Four groups from Going Green win awards



Left to right, Ariya, Nathra and Ishaan, seventh-graders, are taking the plants to the court yard.

“Fourth place– $700!… It’s been a lot of hard work, but I’m glad it paid off,” said Ariya Lee, a seventh-grader from RCMS. 

Ariya was one of the participants in the Going Green Competition, the Watershed program. There are four groups that made it to the top 10 from RCMS but there were many other schools who participated too.

  • The team is the Native Tree Planting, fourth place with $700.
  •  School Bird Garden, fifth places with $600.
  •  Leveling Up Our Rain Garden, 6th place with $500. 
  • The Plastic Reduction, tenth place with $300.

Caring for a Water Shade is sponsored by George Mason University, SEAS (Students Environmental Action Showcase). It is a program to help the Chesapeake Bay and the idea is, What can we do to help the water shade? From Going Green, students break into small groups and come up with different ideas for a 10-part proposal. 

Caring for our Watersheds contest is a good chance to learn more about the planet, your water sources, and how to protect them,” said Ariya. ”It’s also an opportunity to work with a group, make some friends, and work with nature outside.”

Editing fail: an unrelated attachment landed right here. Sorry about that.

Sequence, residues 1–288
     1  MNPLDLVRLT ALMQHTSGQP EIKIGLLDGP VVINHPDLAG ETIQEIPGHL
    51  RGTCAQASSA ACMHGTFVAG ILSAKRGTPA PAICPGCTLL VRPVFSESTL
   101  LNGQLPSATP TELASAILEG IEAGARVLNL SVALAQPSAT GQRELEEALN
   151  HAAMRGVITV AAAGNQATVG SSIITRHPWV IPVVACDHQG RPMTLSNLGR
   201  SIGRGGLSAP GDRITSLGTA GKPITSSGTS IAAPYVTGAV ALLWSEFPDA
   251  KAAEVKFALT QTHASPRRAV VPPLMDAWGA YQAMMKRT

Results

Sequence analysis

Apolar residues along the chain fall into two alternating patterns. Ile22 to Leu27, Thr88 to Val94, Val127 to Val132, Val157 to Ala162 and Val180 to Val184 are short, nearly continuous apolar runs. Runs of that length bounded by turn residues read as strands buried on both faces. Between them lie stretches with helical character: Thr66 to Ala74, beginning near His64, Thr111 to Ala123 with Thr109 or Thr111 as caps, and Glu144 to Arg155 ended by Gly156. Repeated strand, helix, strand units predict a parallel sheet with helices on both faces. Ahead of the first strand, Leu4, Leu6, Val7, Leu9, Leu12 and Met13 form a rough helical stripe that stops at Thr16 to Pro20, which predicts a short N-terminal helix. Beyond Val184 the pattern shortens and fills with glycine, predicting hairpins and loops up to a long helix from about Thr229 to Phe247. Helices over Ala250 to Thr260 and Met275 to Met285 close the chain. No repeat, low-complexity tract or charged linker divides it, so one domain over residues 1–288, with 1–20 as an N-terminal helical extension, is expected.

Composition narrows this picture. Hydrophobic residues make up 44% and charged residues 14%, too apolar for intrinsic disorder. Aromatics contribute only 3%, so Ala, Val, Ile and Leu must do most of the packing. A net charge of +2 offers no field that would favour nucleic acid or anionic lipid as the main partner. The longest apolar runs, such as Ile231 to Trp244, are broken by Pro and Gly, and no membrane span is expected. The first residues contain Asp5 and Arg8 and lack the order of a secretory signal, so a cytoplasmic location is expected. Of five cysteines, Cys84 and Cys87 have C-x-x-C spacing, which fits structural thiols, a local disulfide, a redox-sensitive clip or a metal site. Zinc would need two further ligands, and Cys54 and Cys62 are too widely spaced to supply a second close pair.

The student in the top 10 presents their proposal for five minutes. The winner earns $1,000 to work on helping the environment,  but everyone from the top 10 gets some amount of money too. Even the people who participated will earn a small amount of money from the trees and supplies.

 Ever since the pandemic hit the presentation was on zoom and this year the presentation was on April 27, 2022. Any school can participate in the Chesapeake Bay watershed and most of the participants are near the RCMS schools.

“I think that is excellent!,” said Principal Stokes of RCMS. “Students came with the idea and they presented it and it was a really good idea.That just shows that young people can have an impact  and do something in their community. That is wonderful. ”

Going Green history

Left to right, Ishaan, Siuddu, seventh-graders and Chase an eight-grader are planting a tree. (Photo by Mr. Treakle )

Going green is an extracurricular  after school club at RCMS school, started in 1998 when Rachel Carson Middle School was first opened. It was called the Eco club before it became Going Green. Mr. Treakle was the sponsor of the Eco club and Mr. Stokes was the co-sponsor back when he was a history teacher.

 Mr. Treakle and Mr. Stokes had a passion  to start a club to help the environment because Rachel Carson was the mother  of the environment so they thought it would be an honor to teach students about the environment and for them to  learn to be more responsible? So they did it through the Eco club. They meet once a week and get students to get together to work on projects. 

“It is a conservation sustainability club where they educate themselves and share it with other people,” said Mr. Treakle.

Going Green is to take direct action, meaning planting trees, planting native plants, helping native animals, removing invasive species, and more to help the environment. This year Going Green started with 50 members, which was a record. Over time the people decide to drop out so it has about 40 ish members.